Several years ago, Despina Antypa and her husband worked at a leading newspaper in Athens.
Then came the economic crisis.
The bad news was “just a whisper” at first. But when friends began losing work, she had the foresight and discipline to plan a new career. One unrestricted by language or country — just in case they ever had to leave Greece. She chose pastry, taking classes every weekday for two years, practicing techniques on weekends.
Sure enough, in 2011 the couple lost their own jobs. Despina threw herself into the task of confecting a signature delicacy good enough to sell; some 3,000 trials and errors (“mostly errors”) later, she was satisfied.
Then came the work of developing a website, packaging, selling.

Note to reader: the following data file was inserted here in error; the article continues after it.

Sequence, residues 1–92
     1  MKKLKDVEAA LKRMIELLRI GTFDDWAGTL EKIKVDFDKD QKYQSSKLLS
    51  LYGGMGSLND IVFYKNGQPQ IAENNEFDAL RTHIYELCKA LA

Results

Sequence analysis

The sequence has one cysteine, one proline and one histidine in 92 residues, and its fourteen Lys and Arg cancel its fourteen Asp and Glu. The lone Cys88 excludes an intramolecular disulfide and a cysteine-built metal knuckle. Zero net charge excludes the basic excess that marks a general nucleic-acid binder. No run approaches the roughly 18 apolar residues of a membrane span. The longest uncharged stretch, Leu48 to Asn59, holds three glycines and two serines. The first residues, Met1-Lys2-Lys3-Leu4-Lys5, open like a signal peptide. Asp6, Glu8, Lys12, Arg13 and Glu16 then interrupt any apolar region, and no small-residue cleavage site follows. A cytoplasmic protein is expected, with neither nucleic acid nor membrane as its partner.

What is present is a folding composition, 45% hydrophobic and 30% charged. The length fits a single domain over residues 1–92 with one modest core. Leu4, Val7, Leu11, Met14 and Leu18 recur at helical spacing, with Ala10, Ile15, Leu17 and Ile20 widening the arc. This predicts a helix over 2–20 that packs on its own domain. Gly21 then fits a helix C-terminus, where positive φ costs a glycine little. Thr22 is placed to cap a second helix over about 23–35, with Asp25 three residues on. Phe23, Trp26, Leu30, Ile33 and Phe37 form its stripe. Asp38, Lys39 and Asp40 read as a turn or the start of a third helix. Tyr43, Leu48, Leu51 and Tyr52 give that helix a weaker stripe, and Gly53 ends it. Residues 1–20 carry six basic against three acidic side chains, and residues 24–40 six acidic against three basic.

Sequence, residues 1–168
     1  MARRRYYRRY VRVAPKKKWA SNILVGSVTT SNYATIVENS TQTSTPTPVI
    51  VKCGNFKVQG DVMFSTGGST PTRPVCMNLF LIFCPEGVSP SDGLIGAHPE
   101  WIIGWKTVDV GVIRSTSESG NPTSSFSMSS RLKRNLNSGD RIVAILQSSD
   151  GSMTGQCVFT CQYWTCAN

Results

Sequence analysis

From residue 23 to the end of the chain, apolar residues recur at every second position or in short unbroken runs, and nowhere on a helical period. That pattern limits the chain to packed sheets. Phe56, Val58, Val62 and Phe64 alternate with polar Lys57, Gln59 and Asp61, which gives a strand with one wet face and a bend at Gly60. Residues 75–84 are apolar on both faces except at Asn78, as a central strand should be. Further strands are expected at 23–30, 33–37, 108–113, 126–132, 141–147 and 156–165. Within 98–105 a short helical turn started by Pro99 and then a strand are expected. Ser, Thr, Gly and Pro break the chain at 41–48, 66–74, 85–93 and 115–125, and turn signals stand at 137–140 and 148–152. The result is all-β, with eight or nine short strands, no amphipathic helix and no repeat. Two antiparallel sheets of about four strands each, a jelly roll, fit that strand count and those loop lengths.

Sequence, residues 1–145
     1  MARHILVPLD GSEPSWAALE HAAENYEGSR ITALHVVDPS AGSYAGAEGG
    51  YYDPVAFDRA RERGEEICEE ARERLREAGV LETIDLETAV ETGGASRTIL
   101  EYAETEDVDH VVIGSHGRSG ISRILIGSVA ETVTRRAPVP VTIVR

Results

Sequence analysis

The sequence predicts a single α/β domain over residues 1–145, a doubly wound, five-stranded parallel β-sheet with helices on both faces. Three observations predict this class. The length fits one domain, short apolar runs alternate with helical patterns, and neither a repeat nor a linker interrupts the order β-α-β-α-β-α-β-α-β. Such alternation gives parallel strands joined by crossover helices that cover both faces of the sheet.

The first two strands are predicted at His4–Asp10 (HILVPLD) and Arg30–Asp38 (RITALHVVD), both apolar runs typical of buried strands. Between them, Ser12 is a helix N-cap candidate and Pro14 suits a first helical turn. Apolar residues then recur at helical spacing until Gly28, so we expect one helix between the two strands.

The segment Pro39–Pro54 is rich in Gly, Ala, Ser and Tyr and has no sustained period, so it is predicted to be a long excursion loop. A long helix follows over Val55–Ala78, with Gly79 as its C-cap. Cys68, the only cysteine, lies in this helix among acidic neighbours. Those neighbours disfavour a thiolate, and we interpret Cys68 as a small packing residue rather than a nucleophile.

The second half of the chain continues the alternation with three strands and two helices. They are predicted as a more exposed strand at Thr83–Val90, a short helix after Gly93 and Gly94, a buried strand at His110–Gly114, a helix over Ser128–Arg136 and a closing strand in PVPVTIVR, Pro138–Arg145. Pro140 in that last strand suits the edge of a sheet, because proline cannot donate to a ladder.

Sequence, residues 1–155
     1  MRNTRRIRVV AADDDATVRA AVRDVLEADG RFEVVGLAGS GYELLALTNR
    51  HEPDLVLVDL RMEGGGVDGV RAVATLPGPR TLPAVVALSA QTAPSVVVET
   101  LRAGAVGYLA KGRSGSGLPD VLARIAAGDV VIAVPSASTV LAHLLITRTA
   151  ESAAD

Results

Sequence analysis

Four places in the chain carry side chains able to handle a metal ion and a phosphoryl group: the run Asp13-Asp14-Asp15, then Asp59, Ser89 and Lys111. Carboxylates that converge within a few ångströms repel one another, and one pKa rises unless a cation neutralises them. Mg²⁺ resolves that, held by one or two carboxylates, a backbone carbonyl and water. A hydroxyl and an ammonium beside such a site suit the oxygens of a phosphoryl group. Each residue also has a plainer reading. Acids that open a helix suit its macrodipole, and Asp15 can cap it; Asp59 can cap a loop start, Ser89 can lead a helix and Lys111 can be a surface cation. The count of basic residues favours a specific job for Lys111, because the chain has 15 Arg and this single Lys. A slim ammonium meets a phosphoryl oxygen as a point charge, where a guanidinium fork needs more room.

Orders poured in. The labors were paying off. Except that—
The business was killed in its crib by bureaucrats.
The Greek government demanded a lot, including
- advance taxes equal to “50 percent of estimated profit in the first two years” (money never to be returned were the business to fail);
- minimum square footage for her shop much greater than necessary; and
- a separate toilet for walk-in customers (although there would be no walk-in customers).
The arbitrary burdens proved too great. In 2013, her husband got a job offer that meant moving to Brussels. They jumped at the chance. There they forged the new life they could have forged in Greece — had they been allowed to.
It seems that the road to recovery is not helped by hobbling the runners.
This is Common Sense. I’m Paul Jacob.